Did you know that June is National Pet Preparedness Month? While most of us are running around with our furry friends this summer enjoying the sunny days, it can be easy to forget that, although summer weather can be gorgeous- it can also be unexpected and dangerous. The most common natural disasters that occur during the summer are tornadoes, wild fires, and flooding. As pet owners it is important to take these situations into consideration when it comes to your pets’ safety and put together an action plan if these events or other emergencies were to ever occur.
One of the most important ways to ensure your pet’s safety is to have them identified with a microchip and ID tag on their collar. A microchip is a small device about the size of a grain of rice and is implanted between your pets’ shoulder blades. The device can be scanned at a veterinary office or animal shelter and will display vital contact information such as your phone number and address. That being said, if you happen to change any of your information make sure to contact your microchip company so that they can update their records. Also, make sure that any ID tags your pet wears are legible and are up to date with your current contact information. It is also a good idea to have another tag indicating any health and/or behavioral issues your pet might have as well as any medication(s) such as insulin.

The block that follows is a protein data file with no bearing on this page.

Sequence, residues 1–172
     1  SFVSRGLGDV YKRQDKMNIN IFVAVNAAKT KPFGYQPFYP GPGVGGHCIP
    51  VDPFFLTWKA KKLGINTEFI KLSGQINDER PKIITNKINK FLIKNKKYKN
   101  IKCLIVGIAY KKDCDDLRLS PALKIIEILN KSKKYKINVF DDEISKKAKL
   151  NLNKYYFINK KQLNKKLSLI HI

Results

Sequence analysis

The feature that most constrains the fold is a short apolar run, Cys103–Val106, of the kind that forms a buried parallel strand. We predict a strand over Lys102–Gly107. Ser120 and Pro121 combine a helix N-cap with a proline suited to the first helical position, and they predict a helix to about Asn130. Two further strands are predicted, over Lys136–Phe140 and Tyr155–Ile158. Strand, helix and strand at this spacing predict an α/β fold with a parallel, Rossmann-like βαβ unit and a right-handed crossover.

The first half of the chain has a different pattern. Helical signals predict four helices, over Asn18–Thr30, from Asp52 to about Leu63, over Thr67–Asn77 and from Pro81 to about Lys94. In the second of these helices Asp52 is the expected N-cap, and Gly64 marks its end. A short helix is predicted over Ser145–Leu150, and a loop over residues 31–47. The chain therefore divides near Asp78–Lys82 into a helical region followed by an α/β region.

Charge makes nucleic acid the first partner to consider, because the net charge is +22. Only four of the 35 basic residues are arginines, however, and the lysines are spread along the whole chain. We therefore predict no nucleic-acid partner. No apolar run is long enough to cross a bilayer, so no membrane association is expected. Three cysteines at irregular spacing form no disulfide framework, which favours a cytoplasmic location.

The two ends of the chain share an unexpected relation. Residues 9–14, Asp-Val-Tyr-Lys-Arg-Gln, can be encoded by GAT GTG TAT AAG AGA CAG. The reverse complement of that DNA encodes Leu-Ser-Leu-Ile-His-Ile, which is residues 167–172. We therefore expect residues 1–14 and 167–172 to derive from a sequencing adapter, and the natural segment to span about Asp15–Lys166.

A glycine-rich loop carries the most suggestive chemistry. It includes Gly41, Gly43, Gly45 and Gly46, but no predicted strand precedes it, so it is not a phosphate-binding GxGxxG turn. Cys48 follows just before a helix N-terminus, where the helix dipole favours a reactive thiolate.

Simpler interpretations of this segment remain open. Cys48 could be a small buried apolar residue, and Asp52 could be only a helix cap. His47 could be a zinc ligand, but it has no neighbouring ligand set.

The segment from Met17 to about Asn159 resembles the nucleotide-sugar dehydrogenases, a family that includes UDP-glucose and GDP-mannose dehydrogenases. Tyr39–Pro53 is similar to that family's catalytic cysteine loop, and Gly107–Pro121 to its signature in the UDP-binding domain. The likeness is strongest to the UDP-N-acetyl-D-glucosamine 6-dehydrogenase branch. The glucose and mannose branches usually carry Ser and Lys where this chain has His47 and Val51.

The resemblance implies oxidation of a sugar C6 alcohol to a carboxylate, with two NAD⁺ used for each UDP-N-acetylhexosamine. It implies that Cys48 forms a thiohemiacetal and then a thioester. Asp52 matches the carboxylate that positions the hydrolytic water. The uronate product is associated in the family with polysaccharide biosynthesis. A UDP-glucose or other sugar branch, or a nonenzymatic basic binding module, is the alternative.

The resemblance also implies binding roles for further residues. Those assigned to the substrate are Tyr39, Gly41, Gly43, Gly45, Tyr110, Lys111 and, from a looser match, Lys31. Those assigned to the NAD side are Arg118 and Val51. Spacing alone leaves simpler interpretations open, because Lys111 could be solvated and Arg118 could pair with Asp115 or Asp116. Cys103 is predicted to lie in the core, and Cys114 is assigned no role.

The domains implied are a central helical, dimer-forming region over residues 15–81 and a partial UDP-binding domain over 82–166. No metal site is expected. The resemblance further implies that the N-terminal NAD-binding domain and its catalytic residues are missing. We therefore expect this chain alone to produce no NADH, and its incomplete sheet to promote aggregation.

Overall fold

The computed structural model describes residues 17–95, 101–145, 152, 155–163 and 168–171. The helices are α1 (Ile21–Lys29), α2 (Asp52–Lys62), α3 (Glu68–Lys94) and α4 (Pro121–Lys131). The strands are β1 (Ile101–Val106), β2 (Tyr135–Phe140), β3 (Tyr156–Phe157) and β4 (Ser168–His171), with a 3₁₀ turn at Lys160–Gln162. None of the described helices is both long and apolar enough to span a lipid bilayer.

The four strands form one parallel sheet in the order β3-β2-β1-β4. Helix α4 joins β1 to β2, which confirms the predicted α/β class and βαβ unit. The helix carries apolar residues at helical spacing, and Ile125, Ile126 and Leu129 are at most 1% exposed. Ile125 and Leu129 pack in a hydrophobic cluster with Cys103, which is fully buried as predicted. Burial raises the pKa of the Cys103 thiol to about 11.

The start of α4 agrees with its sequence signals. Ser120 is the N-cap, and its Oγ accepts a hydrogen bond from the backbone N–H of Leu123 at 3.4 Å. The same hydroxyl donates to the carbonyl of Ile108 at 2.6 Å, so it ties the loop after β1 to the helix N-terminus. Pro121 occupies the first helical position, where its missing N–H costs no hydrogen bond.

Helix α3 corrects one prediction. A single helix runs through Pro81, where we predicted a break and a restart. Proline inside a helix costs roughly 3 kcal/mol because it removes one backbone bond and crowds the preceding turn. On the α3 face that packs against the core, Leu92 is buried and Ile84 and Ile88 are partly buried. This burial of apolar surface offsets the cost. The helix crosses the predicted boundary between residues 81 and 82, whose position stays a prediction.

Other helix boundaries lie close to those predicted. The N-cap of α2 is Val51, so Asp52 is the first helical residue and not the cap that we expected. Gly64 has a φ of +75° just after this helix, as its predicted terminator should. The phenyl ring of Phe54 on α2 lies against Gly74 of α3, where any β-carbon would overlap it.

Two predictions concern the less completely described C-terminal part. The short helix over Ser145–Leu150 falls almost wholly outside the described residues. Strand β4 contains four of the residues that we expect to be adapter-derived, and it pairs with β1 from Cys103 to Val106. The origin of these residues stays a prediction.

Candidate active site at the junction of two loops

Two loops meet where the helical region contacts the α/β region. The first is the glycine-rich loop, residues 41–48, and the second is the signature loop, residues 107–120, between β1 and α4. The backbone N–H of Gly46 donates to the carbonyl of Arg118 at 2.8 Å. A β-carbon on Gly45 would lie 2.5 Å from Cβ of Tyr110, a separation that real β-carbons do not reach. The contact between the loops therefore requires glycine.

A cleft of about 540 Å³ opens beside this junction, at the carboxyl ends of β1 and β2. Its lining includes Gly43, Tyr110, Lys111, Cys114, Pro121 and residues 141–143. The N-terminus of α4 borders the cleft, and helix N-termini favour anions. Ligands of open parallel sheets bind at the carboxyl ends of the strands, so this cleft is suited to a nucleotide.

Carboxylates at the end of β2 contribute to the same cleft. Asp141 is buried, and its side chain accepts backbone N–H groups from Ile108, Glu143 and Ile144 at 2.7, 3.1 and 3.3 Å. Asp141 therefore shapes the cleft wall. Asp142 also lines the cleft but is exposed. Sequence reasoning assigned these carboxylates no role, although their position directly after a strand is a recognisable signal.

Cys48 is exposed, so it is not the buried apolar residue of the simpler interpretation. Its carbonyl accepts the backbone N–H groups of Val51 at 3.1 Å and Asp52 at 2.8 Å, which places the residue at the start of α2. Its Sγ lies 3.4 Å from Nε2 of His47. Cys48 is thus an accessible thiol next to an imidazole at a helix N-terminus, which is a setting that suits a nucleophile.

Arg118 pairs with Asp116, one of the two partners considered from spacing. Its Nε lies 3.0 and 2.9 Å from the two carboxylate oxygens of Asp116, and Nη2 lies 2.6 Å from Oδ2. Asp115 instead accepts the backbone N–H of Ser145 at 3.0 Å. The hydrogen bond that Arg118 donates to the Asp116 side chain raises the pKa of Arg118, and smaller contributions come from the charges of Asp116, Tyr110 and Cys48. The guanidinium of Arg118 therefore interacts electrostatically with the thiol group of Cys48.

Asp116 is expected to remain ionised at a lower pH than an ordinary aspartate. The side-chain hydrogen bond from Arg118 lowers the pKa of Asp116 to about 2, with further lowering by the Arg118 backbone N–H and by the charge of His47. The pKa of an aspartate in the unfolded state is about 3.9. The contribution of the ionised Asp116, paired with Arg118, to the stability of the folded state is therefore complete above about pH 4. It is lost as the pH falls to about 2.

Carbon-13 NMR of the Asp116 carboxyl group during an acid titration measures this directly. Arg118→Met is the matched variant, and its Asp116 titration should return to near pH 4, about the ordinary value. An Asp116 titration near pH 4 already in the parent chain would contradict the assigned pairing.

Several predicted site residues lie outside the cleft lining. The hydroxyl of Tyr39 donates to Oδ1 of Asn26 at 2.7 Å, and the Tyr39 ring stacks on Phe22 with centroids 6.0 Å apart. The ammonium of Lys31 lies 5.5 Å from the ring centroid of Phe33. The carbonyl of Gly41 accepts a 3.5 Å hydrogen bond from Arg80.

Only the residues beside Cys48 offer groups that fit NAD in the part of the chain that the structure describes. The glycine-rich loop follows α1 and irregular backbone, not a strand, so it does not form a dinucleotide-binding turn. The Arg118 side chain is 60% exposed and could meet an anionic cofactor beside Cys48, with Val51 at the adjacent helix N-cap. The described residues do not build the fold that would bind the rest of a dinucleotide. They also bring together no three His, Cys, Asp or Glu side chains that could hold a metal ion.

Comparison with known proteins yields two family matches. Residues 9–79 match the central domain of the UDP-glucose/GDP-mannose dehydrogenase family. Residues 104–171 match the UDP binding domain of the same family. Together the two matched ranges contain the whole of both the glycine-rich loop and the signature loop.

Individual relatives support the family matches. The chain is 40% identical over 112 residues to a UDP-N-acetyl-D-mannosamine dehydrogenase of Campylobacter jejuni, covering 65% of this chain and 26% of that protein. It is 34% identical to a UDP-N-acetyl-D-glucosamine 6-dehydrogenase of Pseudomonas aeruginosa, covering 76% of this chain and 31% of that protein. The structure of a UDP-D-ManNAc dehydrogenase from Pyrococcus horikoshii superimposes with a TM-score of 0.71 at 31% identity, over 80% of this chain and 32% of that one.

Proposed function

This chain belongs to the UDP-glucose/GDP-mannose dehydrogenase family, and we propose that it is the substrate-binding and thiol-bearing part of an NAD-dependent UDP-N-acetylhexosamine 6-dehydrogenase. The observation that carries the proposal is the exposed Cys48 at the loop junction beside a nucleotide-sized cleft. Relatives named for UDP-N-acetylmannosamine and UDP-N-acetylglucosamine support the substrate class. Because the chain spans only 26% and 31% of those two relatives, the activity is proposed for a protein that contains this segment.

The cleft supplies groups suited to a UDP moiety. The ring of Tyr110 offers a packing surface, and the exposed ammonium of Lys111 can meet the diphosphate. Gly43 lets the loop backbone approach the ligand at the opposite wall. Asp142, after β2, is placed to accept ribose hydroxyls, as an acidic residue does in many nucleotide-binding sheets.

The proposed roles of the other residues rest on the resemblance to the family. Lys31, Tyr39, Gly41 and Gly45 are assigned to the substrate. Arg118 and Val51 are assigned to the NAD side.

A pre-made kit is also essential if you must evacuate your home quickly. Good items to keep in your pets kit include 3 days worth of food, bottled water, 2 bowls, a harness and leash, medications, up-to-date information such as vaccines and microchip number, local vet info, a pet first aid kit, and poop bags. Always remember to put your pet emergency kit in a waterproof bag to keep the contents safe and dry.
If your area is prone to flooding, wildfires, or any other type of natural disaster where you may have to evacuate, it is important to find a location outside of the area where you can take your pets with you. Whether it’s a family or friends house, or a pet friendly hotel, it is a good idea to have a list of options and contact numbers for where you might go. It is a great idea to discuss a plan of action in advance with a neighbor or nearby friend or family member. Agreeing that if one of you cannot make it back home that the other will bring your pets and their emergency kit will make the situation a lot less hectic. Even having decals on your front door, to inform any emergency personnel how many pets are in the home should they need to get in to rescue them, isn’t the worst idea.
No one likes to think a natural disaster will happen in their area but having these strategies in place will help ensure you and your pet(s) are prepared and able to enjoy all the adventures that summer has to offer! If you have any questions or concerns regarding pet preparedness, we would be glad to help or point you in the right direction! Email us at firstname.lastname@example.org and we will respond as soon as possible!
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